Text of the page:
To the editor:
Regarding Sherry Kutter’s (Sept. 10 letter to the editor) sarcastic statement that Americans don’t want to work, I think there are some with that attitude. I also agree that some who are doing well are critical of the poor.
When I see a young mother in the grocery store with her kids in tow pushing a cart full of expensive groceries, I am reminded of my own mother and our family of seven growing up in rural Nebraska during some lean times in the '50s and '60s. I also see help wanted signs everywhere, some offering signing bonuses, health care benefits and tuition assistance (upgrade your skills for a better paying job) — not much of that back then. In understaffed restaurants I see waitresses scurrying to keep up. We tip generously.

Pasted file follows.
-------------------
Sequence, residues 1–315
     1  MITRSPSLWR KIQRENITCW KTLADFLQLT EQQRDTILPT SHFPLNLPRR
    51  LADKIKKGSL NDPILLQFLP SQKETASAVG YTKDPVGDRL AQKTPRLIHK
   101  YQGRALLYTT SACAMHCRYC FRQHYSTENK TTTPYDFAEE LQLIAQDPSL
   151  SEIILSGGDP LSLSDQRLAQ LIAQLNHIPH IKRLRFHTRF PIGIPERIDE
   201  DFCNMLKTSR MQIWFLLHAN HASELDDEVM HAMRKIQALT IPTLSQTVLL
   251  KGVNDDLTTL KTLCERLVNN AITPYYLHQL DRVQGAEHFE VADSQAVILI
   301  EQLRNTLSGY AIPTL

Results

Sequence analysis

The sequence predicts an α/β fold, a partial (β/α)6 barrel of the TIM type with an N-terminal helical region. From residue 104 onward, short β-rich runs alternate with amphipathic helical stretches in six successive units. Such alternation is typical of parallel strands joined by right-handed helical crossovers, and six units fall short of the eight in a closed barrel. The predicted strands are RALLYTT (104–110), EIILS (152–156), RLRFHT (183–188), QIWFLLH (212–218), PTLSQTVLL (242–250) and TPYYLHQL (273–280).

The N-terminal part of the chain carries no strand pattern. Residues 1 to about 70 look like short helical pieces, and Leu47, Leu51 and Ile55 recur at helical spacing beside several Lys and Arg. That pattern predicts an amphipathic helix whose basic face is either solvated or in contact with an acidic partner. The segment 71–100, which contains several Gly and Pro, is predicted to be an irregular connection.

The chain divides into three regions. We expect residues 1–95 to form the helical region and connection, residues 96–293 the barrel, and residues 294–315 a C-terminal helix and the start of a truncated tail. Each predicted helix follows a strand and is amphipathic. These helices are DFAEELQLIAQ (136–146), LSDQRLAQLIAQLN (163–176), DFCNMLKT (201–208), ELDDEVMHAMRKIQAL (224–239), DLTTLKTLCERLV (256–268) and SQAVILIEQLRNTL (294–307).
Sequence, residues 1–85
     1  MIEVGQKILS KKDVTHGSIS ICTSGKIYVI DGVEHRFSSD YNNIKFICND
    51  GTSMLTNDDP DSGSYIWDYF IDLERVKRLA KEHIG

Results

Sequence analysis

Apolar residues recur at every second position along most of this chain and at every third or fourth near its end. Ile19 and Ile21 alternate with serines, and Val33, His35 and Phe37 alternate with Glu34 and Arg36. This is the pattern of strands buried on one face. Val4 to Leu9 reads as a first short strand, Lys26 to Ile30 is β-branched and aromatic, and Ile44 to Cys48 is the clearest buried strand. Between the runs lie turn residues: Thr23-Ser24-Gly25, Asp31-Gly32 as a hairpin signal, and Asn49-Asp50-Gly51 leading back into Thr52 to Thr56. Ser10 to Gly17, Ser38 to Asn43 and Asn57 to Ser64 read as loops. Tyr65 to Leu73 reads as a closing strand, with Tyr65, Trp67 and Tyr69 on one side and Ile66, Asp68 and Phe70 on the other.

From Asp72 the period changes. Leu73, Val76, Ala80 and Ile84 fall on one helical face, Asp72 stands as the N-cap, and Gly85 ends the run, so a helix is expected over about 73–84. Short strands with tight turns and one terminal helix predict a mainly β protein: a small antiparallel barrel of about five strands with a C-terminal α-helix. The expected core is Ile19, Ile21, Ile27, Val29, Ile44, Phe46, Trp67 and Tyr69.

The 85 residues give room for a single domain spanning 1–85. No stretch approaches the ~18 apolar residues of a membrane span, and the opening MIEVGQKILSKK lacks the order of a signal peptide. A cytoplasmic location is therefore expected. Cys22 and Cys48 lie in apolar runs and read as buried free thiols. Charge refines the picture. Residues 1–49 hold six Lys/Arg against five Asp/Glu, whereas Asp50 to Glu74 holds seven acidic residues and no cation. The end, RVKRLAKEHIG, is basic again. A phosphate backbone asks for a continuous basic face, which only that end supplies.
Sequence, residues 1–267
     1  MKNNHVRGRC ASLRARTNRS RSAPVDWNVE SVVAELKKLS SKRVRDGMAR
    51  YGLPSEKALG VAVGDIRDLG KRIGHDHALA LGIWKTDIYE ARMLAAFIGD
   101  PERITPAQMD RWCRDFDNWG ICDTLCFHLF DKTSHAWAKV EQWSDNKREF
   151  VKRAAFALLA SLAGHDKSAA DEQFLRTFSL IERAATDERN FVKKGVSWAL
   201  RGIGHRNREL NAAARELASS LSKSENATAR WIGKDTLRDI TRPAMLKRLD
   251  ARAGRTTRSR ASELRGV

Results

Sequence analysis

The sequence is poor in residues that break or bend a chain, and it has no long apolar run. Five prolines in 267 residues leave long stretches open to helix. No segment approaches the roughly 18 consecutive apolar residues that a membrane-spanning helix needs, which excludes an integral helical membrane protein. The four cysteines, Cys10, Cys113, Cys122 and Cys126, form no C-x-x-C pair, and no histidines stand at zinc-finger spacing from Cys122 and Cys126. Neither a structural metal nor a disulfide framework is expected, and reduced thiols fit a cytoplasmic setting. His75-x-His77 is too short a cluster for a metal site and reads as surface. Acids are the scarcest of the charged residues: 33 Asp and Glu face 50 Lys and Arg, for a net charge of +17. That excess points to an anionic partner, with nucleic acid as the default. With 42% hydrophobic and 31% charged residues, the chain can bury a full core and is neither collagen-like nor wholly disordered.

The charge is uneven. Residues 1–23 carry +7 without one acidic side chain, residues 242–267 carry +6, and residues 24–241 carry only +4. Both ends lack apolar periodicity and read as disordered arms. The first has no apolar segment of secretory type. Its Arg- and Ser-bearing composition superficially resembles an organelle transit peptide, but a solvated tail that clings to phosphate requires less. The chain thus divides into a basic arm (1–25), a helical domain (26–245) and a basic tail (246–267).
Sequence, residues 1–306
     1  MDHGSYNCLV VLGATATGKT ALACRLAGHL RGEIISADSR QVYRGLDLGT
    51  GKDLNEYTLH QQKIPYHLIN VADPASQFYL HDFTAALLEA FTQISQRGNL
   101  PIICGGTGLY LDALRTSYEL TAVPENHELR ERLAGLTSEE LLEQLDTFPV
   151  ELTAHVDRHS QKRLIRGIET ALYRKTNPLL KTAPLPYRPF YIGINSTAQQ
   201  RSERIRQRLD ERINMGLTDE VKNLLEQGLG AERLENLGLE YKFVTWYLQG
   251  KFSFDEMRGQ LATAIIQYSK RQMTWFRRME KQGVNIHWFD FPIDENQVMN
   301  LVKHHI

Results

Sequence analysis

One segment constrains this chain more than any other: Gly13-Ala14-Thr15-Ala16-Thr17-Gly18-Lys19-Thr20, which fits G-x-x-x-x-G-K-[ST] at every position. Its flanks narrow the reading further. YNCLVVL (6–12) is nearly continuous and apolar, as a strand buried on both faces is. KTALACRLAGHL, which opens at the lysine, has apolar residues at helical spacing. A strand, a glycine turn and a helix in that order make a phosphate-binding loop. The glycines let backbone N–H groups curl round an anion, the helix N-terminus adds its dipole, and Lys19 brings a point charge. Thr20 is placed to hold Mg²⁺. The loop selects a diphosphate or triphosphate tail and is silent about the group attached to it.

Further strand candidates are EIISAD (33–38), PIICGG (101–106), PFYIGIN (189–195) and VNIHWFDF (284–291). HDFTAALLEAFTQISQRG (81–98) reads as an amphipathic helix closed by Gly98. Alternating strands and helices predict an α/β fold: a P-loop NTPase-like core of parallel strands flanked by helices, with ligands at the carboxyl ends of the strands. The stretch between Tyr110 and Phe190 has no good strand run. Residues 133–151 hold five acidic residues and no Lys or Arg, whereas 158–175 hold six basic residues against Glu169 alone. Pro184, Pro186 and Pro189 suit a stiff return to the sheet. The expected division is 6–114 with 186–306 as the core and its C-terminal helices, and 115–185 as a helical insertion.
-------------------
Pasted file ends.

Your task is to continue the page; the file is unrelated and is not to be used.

I strongly disagree with Sherry that a living wage needs to be established to cover a multitude of living expenses. The socialists would love another bureaucracy to administer that. Better yet is the agenda of the democratic socialist party and their $3.5 trillion dollar proposed spending bill offering free everything from cradle to grave. For those taking the bait proposed by the socialist left, I feel sorry for them and their ignorance of the history of socialism over the last 100 years. It is merely a milestone on the path to communism. Capitalism isn’t always pretty and is defined as the unequal distribution of wealth. Socialism is the ugly, equal distribution of poverty.
Sherry’s husband is a veteran. So am I. Between Korea and Vietnam, 100,000 lives were lost fighting communism. Just as I feel for the young mother in the grocery store, my heart breaks when I pass a cemetery knowing there are those resting there who sacrificed their lives for my freedoms; those who have no voice in this debate.